First, check out nongnu.org/freedom and download the Complete Iwad from the download page. Extract the file to your PC. Copy the doom2.wad file to your mini SD card that has Dingux on it. You’ll need to copy it to the local\games\prboom\ folder and make sure it is called Doom2.wad. Once copied, you can plug the SD card into your Dingoo Digital. Make sure it’s turned off any time you remove or put the SD card in the slot because it’ll freeze if you take it out while cut on.
If you don’t want the freedoom version of Doom, you can also try original Doom. To do so, go to doomarchive.com and download the Doom1.wad. Extract this zip file anywhere on your PC. Now, copy the doom1.wad to the local\games\prboom\ folder. Rename doom2.wad from the freedoom.com website. If you decide not to rename doom2.wad, when you boot up Doom on Dingux, it’ll default to the freedoom doom2.wad instead of doom1.wad.
Now that you have your two versions of doom installed and have chosen which one you want to boot, put the SD card into your Dingoo Digital and hold down select while pressing up on the power button. When Dingux boots, choose Doom. This will be the topmost game under the games icon.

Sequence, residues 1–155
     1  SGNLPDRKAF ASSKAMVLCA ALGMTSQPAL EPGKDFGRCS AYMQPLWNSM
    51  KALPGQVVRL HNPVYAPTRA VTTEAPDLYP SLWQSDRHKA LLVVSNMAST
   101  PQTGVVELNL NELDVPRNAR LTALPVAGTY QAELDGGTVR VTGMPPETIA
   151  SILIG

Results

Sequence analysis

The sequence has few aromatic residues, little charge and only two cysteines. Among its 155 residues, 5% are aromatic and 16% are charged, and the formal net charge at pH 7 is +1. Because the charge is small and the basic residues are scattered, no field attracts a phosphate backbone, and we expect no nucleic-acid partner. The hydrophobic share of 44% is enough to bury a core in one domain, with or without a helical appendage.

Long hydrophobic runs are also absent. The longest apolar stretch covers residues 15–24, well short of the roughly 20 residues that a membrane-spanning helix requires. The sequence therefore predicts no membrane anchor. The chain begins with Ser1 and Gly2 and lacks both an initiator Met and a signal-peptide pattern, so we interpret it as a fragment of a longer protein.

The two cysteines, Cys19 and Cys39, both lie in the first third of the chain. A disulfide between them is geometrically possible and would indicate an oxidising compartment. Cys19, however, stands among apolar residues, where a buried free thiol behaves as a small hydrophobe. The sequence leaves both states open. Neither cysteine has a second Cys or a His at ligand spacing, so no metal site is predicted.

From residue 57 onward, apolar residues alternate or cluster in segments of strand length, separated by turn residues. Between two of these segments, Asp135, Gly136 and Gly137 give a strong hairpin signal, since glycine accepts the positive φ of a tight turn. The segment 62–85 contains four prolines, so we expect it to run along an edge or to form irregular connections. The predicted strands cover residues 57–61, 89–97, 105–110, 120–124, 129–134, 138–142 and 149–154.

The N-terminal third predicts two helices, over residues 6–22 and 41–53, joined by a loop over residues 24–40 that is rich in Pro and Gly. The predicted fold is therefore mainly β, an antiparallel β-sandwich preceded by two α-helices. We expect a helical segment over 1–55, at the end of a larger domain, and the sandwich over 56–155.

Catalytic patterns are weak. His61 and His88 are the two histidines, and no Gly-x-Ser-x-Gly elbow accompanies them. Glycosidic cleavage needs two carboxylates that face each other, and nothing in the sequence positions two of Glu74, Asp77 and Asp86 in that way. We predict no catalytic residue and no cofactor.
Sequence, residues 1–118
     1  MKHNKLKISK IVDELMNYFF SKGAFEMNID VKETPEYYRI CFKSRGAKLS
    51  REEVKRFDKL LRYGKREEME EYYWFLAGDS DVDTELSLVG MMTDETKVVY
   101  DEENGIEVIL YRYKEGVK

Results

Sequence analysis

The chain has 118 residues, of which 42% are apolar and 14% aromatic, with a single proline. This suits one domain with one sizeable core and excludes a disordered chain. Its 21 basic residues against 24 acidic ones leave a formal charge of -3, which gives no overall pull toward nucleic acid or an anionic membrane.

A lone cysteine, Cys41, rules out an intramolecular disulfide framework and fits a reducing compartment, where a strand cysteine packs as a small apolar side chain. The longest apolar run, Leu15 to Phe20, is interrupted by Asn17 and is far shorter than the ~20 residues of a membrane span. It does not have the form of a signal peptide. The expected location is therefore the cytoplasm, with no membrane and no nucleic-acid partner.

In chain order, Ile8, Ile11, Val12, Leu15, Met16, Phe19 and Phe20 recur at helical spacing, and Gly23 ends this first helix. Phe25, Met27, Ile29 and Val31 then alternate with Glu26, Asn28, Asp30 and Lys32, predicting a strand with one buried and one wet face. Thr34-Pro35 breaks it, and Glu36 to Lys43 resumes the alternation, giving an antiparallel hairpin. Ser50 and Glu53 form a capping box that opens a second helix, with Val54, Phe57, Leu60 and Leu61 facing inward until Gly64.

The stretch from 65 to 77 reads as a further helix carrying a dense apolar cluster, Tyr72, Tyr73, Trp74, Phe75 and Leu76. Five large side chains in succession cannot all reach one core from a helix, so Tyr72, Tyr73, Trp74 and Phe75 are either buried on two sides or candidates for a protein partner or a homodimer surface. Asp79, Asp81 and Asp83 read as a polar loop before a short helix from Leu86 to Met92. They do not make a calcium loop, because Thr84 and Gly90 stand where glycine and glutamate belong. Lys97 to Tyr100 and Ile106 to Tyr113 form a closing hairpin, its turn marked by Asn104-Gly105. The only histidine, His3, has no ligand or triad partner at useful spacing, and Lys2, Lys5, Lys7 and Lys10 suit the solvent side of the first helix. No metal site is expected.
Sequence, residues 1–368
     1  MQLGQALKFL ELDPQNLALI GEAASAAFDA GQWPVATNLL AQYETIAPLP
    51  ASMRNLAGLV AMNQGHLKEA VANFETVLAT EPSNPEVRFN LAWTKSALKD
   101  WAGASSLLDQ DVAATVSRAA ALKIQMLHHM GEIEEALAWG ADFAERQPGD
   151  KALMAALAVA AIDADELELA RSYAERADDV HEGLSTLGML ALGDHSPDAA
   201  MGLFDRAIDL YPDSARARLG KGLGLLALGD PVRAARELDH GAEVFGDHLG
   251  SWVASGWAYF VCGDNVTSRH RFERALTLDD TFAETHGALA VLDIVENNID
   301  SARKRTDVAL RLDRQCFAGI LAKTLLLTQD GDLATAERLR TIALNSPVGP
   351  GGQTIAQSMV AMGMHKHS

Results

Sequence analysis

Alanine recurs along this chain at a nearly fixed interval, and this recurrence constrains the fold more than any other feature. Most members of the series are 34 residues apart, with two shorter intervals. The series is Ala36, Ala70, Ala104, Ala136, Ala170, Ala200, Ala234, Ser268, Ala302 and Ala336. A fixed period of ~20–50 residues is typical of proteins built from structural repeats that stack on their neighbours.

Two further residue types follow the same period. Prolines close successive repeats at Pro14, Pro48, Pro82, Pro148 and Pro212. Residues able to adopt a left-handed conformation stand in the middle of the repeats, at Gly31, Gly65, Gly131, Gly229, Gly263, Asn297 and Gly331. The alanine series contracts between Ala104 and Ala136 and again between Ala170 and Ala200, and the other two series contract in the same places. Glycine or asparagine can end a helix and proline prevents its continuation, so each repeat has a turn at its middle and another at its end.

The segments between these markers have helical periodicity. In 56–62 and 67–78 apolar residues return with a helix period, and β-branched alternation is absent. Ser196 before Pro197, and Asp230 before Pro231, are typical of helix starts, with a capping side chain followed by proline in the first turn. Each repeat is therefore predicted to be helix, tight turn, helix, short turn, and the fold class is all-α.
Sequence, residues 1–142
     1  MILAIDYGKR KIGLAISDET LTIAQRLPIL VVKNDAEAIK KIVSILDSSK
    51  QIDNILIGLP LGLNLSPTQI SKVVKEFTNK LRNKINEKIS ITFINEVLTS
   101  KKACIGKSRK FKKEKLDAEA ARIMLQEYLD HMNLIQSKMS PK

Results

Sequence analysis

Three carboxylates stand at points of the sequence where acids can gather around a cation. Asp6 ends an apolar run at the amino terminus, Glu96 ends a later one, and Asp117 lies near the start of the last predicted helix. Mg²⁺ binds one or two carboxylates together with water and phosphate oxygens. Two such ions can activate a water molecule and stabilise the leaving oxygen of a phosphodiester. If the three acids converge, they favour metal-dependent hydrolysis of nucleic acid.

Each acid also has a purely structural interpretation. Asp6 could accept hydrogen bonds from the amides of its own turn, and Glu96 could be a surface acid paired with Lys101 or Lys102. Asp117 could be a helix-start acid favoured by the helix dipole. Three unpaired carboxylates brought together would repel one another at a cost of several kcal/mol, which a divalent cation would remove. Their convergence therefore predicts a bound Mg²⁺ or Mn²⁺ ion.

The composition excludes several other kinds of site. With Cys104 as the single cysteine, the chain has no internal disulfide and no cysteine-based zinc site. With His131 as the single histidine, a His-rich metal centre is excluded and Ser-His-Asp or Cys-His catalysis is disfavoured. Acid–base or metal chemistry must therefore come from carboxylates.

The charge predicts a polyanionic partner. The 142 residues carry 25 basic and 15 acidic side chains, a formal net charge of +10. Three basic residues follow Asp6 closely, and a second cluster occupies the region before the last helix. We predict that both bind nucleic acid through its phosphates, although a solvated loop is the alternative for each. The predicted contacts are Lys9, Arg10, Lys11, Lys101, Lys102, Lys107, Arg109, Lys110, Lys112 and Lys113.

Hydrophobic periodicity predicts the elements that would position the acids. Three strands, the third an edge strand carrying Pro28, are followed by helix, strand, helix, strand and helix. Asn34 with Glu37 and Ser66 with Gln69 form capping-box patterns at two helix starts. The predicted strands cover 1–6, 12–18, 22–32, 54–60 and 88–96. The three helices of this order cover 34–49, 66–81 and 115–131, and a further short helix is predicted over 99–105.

Ok, now after defeating one of the best games of all time, shut off your Dingoo and take the SD card out to install an emulator.
I’ve chosen Super Mario World… because it’s awesomely epic.
Get a super mario world ROM from anywhere online. It should be called SuperMarioWorld.smc. Copy this file to the local\emulators\snes\9x folder. Now, plug the SD card back in the Dingoo Digital and boot up Dingux again, this time choose the Emulators Icon, scroll down to SNES, and choose Super Mario World. Tada! You now have Awesome games at your fingertips to play on your next subway ride.
For questions or comments, email me at email@example.com.
I know you get a lot of emails so i will keep this to the point. I am new to the computer / technology world and find it hard to follow parts of your show. I’m not asking you to change the script, but I’m simply asking where are the best resources or really the best way to break into this and get caught up. I have an interest in technology and I know that it might take some work but really any general direction would be much appreciated.
Thank you in advance.
Darren recommends picking up a programming language. He isn’t going to get into a religious debate about which is best but learning any moden language will give you a fundamental understanding of how programs operate. There is a fantastic forum thread at forums.hak5.org called Hacking: Where to begin which is a great resource for those new to hacking.
What is the best, free, open source, virtualization system for Linux?
Darren’s current squeeze for servers is Proxmox VE, which is a wonderful open source implementation of OpenVZ and KVM — two of the most popular virtualization technologies on Linux. He also still loves VirtualBox for desktop virtualization.